Objectives: Although n-3 long-chain polyunsaturated fatty acids (n-3 LC-PUFAs) are used widely in the treatment of chronic inflammatory diseases, their effect in infectious disease requires a particular attention.
Methods: The present article discusses their anti-inflammatory and immune properties involved in the host defence and presents a systematic review of the effects of their oral administration on the prevention and outcome of experimental and clinical infections.
Results: At a dose corresponding to an human dose of 500 mg/day, n-3 LC-PUFAs intake is beneficial against experimental infections caused by extracellular pathogens including Streptococcus pneumoniae, Pseudomonas aeruginosa, Escherichia coli, and Staphylococcus aureus by reducing inflammation, and reduces the incidence of pneumococcal infections in the elderly, but at 2-4-fold higher doses as occurs in some human intervention and/or during long-term it becomes detrimental in intestinal infections with Citrobacter rodentium or Helicobacter hepaticus by exacerbating anti-inflammatory response. They are also harmful against infections caused by intracellular pathogens as Mycobacterium tuberculosis, Salmonella, Influenza virus and Herpes simplex virus by affecting the immune cell response.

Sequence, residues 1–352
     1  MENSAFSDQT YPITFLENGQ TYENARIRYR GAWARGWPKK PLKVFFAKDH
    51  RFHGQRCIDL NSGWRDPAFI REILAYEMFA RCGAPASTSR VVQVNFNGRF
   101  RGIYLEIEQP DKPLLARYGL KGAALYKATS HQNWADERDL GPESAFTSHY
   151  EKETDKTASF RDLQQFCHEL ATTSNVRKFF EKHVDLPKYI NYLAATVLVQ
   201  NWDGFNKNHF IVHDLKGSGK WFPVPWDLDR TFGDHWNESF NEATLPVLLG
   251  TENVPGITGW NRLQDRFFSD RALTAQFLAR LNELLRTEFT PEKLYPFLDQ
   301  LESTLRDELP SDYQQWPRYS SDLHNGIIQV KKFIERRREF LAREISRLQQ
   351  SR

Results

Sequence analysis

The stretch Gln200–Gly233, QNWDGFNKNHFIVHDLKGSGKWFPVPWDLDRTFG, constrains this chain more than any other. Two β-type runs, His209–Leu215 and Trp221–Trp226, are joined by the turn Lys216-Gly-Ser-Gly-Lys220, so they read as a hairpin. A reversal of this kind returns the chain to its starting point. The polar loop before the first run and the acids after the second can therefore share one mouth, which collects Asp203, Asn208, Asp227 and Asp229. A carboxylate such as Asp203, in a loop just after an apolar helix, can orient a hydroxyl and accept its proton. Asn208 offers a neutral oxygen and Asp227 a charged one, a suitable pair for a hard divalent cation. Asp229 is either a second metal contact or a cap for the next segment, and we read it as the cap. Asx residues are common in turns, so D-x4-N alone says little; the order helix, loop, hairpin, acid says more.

Conclusion: The effects of n-3-LC-PUFAs on infections depend on the pathogen and the n-3 LC-PUFA dose and timing. Caution should be recommended for high-dose and long-term supplementation in humans.
Keywords: Anti-inflammatory; Immunomodulatory; Infection; Outcome; Prevention; n-3 LC-PUFA.
Copyright Â© 2016 The British Infection Association. Published by Elsevier Ltd. All rights reserved.